The USC Marshall Lloyd Greif Center for Entrepreneurship and Innovation hosted its first ATHENA Women’s Entrepreneurship Summit on Thursday, an event focused on the empowerment of female entrepreneurs, from the acceptance of different definitions of success to the in and outs of investing.
The event kicked off with a welcome address from Lloyd Greif Center Director Helena Yli-Renko. Athena, the Greek goddess of wisdom and strategic warfare, was the inspiration for the summit’s name, Yli-Renko explained. As a warrior who was known for her compassion for others, the goddess was a fitting namesake, she said.
Yli-Renko also discussed female underrepresentation in the workplace, stating that in the realm of entrepreneurship, there is still much to be done about gender equity.
“Women own 42 percent of all businesses, but only 3 percent of companies receiving venture capital have female CEOs,” Yli-Renko said. “We’re here to spark dialogue on issues and topics that are relevant and important to women entrepreneurs on their own entrepreneurial journeys.”
Amanda Daflos, director of Los Angeles Mayor Eric Garcetti’s innovation team, also emphasized the necessity or female leaders in a male-dominated workforce. Female leaders are not hard to come by, Daflos said, and they deserve the support and respect from others.
“Diverse workforces are more productive and innovative, and they make products that appeal to broader audiences,” Daflos said. “Also, we know it makes a difference when young girls see a doctor, city councilwoman, entrepreneur … They see someone who is just like them.”
The speeches, panels and workshops encompassed a broad range of topics related to entrepreneurship, like happiness and creativity.
One panel, titled “Everyday Hustle as an Early Stage Entrepreneur,” highlighted the initial challenges that came with starting a company from the ground up.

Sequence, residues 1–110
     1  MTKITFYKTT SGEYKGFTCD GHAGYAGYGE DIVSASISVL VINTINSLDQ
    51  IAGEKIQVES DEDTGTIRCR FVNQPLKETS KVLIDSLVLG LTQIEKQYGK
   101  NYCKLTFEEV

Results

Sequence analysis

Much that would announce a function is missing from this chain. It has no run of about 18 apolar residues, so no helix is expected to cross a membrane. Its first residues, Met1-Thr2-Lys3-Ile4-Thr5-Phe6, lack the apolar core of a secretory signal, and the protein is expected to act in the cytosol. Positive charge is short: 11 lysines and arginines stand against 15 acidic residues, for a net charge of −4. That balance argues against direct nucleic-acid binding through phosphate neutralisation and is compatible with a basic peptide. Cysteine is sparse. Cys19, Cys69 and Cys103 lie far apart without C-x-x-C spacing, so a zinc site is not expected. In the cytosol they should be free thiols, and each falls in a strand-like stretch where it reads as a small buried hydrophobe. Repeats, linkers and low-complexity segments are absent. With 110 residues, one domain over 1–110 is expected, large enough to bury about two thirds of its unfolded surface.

In the panel, five female C-level executives discussed the pros and cons of founding a business, as well as juggling their working lifestyles while deciding to start families. Chewse CEO Tracy Lawrence, a USC alumna, said that running a company causes her to constantly assess herself as well as the overall culture of her company.
“You are building what the team cares about, so Chewse is a ‘love company,’” Lawrence said. “I care about being emotionally intelligent at work, and all my managers care about that, too.”
Panelist AngelaSutherland, the CEO of Hello Yumi, noted that in order for women entrepreneurs to succeed in the future, they need to be more willing to support each other via networking, which for her seems to be more male-dominated.
“Men have [a] million opportunities to build a network,” Sutherland said. “The CEO will go to a baseball game with an intern, but women wouldn’t go shopping together because [to them], everything sends a signal. But that makes for a world where networking is just built-in for males.”
The rest of the event included a performance by soul and folk singer Victory Boyd, as well as remarks from Marshall School of Business Dean James Ellis.
After the summit came to a close, attendees participated in a networking reception, building relationships with fellow business leaders.
According to Umamah Syeda, founder of virtual relocation service GuideMe and a USC alumna, the event inspired thoughtful dialogue among female entrepreneurs.
“It’s amazing to connect with people who are in the same game as you,” Syeda said. “We were talking about how this is still kind of a man’s world, and to be able to appreciate yourself within that is amazing.”